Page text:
Carlos Checa is now arguably the number one Spaniard in the Moto GP class after 1999 500cc world champion Alex Criville moved to the d'Antin Yamaha team, then failed to appear at all in 2002.

Criville's absence follows health problems stemming from early 2000, when he started experiencing periods of fainting that doctors are still trying to diagnose. After announcing these problems to the world in February, Criville may never ride in a grand prix again - but who knows?

Fellow Catalan Checa caught up with Crash.Net's Toby Moody in South Africa at the weekend to discuss the situation.

''I think it is a hard moment for him,'' Checa said, ''I think he wants to continue racing, but the atmosphere and the bike or the team, I don't know - the combination of Alex, Yamaha and d'Antin he knew, with his situation, was not right. For sure, we will not see him ride this year.

''I think he was not ready to say stop and, maybe, that is very hard for him to do, but he'll be okay if he has some time, and he will know after a while what he wants to do. For sure, when you know, like Alex, that you cannot be in front winning races or the championship, there is no sense to continue crashing and getting bad results. You are destroying your instinct, whereas his instinct was fighting and racing and winning. Yet, now, for him to continue means he is destroying himself.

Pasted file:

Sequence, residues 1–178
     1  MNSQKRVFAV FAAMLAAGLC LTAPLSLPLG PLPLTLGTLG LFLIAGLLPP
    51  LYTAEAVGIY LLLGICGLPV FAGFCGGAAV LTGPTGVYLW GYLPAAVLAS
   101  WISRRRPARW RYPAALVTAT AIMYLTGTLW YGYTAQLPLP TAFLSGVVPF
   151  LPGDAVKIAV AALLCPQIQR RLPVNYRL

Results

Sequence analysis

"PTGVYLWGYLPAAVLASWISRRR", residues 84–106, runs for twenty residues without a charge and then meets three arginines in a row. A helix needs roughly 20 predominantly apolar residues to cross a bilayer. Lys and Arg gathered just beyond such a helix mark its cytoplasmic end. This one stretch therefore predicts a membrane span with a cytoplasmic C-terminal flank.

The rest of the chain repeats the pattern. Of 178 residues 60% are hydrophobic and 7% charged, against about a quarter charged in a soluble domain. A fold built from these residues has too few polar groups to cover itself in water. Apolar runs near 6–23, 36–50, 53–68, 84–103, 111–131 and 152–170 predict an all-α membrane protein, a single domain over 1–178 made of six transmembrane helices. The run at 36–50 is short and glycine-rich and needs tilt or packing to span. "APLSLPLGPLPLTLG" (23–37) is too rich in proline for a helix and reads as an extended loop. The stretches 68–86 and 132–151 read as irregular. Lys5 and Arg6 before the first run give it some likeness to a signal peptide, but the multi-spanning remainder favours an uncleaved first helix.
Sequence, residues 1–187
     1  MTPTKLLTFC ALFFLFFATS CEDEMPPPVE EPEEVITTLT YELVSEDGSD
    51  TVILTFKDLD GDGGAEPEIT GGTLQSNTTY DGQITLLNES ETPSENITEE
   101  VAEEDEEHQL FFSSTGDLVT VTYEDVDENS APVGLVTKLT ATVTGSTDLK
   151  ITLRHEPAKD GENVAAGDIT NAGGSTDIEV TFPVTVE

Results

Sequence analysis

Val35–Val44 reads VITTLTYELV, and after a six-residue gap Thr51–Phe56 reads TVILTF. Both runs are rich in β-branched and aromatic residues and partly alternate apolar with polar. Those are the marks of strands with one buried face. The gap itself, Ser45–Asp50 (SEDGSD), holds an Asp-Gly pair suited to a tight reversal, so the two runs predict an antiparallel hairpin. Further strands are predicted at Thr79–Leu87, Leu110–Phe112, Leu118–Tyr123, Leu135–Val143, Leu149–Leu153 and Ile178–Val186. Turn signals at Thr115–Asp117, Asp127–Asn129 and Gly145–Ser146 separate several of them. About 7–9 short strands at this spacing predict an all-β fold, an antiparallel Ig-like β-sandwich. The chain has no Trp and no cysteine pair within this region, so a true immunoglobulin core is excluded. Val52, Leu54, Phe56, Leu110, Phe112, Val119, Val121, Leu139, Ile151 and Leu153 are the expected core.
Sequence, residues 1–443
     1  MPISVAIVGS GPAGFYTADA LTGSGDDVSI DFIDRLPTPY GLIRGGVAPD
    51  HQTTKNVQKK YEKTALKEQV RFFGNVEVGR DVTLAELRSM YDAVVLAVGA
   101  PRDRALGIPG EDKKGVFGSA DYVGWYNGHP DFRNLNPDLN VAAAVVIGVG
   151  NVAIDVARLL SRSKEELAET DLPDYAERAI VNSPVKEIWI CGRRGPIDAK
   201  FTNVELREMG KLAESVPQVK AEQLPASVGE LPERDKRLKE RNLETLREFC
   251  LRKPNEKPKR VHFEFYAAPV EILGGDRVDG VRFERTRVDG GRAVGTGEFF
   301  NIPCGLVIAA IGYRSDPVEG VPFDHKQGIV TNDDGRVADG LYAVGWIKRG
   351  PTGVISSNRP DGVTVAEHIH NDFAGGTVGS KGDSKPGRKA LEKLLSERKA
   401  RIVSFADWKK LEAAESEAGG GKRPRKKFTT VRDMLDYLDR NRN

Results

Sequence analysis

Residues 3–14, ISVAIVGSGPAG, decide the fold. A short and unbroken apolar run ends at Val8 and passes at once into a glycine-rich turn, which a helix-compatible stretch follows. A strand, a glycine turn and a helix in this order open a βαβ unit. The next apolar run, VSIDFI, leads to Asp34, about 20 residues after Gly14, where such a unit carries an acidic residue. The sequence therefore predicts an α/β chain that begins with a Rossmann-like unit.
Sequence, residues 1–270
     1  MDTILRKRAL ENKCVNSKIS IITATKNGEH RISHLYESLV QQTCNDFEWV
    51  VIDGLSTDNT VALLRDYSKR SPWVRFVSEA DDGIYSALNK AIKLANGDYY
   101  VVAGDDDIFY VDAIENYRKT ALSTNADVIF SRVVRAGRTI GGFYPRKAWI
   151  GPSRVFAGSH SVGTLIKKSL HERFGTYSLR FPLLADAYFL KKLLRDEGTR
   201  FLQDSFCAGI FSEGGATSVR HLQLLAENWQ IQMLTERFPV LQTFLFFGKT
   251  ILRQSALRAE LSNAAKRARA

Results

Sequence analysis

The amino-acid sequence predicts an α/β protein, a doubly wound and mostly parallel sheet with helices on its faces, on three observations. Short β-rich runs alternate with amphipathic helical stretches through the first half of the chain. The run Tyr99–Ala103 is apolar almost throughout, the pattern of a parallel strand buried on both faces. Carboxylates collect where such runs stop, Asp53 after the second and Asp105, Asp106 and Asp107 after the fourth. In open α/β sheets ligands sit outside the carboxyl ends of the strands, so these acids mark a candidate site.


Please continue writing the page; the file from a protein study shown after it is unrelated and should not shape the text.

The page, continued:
''It is always a shame, like when Doohan stopped and also when Michael Jordan stopped in basketball. He stopped at the top level, but after a while he came back and I don't know his level, but I can't imagine it is the same as when he stopped at the top, so he will finish when his body and his mind say finish.''

It is expected that Criville will appear at the Spanish Grand Prix at the recent updated Jerez track over the weekend of 3-5 May, although it is doubtful that he will be on a bike. However, anything can change so maybe seeing the former 125 and 500 champion doing some laps at the track where he won the Spanish GP in 1997, 1998 and 1999 would send the 150,000 spectators wild on race day.


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